An academic article is a persuasive text. You’re trying to convince people of the series of points they may or not have believed before reading your article. In doing so, you want them to save their time on extraneous information and make it easy for them to understand what you are trying to convey. That is, what is your point?
I took a fantastic online class from a Wall Street Journal journalist. I had written academic articles for over a decade before watching this course. However, the course made me think about points more clearly than I had previously. There’s a tendency in some corners of the academic world to need clarification about the point you’re trying to make. Let me get to the point: your job in an academic article is to sequence a series of points that make a larger point. That leads to sharp writing.
Every paragraph needs to have a point to make. Let’s go back to our introduction. As discussed in the previous section, the introduction consists of approximately five paragraphs. The paragraphs are structured in an hourglass fashion.
The first paragraph conveys the following point: this is an important topic, and you should consider this research question. Second paragraph: most people have been thinking about the problem this way, but you should think about it my way. Third paragraph: I have done rigorous work to convince you that my argument is correct. Fourth paragraph: this is what I found. Fifth paragraph: this is why it matters.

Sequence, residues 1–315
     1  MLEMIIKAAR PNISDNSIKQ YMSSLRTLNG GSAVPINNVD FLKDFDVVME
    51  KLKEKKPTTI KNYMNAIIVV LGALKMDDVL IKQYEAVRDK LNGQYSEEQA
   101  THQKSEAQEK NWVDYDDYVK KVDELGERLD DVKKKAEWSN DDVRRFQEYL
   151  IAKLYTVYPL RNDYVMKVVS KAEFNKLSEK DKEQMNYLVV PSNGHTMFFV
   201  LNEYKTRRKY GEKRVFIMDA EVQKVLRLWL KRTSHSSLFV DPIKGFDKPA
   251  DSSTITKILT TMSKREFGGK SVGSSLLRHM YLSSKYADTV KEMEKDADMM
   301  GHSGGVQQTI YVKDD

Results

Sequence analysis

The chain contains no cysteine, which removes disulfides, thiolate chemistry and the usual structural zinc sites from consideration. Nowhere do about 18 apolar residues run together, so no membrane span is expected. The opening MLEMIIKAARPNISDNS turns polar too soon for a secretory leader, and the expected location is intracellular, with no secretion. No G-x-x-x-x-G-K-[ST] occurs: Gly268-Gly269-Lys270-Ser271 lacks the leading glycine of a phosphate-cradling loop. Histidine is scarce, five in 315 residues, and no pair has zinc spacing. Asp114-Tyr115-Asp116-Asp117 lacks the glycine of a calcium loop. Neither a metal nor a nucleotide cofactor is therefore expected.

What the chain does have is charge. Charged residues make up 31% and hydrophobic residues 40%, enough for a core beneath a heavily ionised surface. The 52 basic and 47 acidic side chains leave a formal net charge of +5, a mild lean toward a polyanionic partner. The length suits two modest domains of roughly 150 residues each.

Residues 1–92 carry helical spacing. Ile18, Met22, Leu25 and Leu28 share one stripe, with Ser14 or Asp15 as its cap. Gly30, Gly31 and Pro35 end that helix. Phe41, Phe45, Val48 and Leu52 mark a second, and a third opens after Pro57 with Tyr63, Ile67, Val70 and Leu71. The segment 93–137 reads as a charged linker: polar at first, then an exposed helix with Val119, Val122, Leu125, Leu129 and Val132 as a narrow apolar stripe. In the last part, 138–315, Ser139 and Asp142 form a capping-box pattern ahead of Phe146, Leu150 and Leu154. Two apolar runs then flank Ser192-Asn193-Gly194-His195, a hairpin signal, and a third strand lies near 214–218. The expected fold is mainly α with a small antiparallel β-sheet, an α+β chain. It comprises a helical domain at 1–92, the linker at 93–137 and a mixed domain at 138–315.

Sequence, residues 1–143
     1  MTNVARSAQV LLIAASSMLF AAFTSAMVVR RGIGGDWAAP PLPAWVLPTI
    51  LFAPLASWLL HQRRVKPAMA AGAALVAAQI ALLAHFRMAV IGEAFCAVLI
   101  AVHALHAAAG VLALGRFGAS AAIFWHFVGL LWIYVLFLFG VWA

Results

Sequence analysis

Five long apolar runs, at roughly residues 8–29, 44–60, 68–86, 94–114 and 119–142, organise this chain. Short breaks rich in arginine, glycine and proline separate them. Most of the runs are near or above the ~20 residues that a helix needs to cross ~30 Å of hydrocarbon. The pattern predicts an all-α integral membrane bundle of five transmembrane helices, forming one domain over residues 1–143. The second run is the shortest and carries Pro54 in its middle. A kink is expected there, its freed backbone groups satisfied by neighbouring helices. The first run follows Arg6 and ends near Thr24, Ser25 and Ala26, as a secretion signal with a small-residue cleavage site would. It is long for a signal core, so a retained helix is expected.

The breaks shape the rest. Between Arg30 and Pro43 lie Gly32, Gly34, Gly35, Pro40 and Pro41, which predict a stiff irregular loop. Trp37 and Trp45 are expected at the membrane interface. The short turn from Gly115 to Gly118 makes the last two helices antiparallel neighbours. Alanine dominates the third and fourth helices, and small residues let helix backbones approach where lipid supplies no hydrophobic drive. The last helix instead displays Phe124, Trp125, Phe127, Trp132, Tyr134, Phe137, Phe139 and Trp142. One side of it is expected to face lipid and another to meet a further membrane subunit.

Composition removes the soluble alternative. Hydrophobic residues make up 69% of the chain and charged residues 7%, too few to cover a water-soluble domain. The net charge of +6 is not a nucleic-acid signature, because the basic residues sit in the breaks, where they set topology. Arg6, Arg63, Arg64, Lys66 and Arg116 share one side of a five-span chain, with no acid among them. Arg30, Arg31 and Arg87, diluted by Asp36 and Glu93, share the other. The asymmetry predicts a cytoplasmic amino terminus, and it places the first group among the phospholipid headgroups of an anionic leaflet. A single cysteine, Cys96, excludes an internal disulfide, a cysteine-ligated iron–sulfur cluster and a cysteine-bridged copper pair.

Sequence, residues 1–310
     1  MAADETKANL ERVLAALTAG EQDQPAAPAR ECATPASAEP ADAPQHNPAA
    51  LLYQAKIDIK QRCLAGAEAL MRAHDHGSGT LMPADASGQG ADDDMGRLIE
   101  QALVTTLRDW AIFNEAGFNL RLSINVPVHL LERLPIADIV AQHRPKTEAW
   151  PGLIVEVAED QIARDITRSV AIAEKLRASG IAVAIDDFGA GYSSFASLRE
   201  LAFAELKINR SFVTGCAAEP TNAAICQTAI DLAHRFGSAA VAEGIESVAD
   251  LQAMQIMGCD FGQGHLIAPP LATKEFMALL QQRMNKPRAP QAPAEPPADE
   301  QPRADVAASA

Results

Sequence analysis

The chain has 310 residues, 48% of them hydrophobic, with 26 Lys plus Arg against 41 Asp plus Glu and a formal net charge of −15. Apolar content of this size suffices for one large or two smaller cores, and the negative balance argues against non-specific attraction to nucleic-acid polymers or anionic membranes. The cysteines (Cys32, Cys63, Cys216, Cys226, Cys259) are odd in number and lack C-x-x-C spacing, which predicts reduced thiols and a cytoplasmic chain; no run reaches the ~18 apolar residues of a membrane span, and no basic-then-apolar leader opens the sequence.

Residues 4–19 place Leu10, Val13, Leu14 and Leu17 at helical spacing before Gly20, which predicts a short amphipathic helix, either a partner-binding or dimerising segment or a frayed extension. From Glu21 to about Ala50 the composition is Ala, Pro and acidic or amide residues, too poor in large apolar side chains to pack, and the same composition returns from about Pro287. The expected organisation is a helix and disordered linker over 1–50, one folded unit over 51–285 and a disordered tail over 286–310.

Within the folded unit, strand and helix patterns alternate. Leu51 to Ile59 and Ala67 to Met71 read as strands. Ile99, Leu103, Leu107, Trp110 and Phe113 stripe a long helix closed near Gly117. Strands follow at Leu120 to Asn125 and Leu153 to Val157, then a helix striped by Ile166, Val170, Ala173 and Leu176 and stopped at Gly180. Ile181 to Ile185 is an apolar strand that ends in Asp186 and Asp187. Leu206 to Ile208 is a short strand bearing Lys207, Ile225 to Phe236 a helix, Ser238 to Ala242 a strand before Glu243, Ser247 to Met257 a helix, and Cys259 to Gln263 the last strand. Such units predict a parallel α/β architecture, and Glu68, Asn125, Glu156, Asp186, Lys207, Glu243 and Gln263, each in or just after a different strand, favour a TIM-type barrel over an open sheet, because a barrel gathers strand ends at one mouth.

In one of my papers that I’m working on to demonstrate how this might be done, we can think of the big points of the paragraph as a topic sentence.
Understanding the process by which fundamental scientific discoveries are commercialized is vital to researchers and policymakers.
Most research has focused on understanding the contextual factors that may reduce friction in commercializing science without considering the commercial potential of these discoveries.
We develop mechanisms for extracting the latent commercial potential of scientific discovery using machine learning and crowdsourcing.
Our crowdsourcing measure significantly predicts eventual commercialization, other than machine learning measures.
Our approach can help researchers better understand where commercial potential lies and the friction prevented from being realized.
Now that we have the main points we want to convey in each paragraph, we can think about how we will support the main points with subpoints.
Let us now expand on the main point of the first paragraph.
Understanding the process by which scientific discoveries are commercialized is important to researchers and policymakers.
To expand on this point, what additional points may make people believe this statement?
Here’s the exciting part, make as many points as you can, and we can organize them later.
Now that we have these points let’s go through them and decide which ones are relevant to this paragraph and the point it is trying to make, those that are relevant but not to this paragraph, and those that are not relevant to any paragraph in this manuscript.
Once we have done this, the next step is to order the relevant points to make our main point the strongest it can be. There are several different orderings of these points. However, the following is the most reasonable sequence.
Organizing paragraphs around a single point makes it much easier to understand for a reader. In fact, it allows them to skim the manuscript and know precisely what is going on without having to reread the sentence over again.
The metric you want to use is: can people read the paragraph and know exactly what is going on without rereading it. That is when you know that you have written a strong paragraph that gets your point across.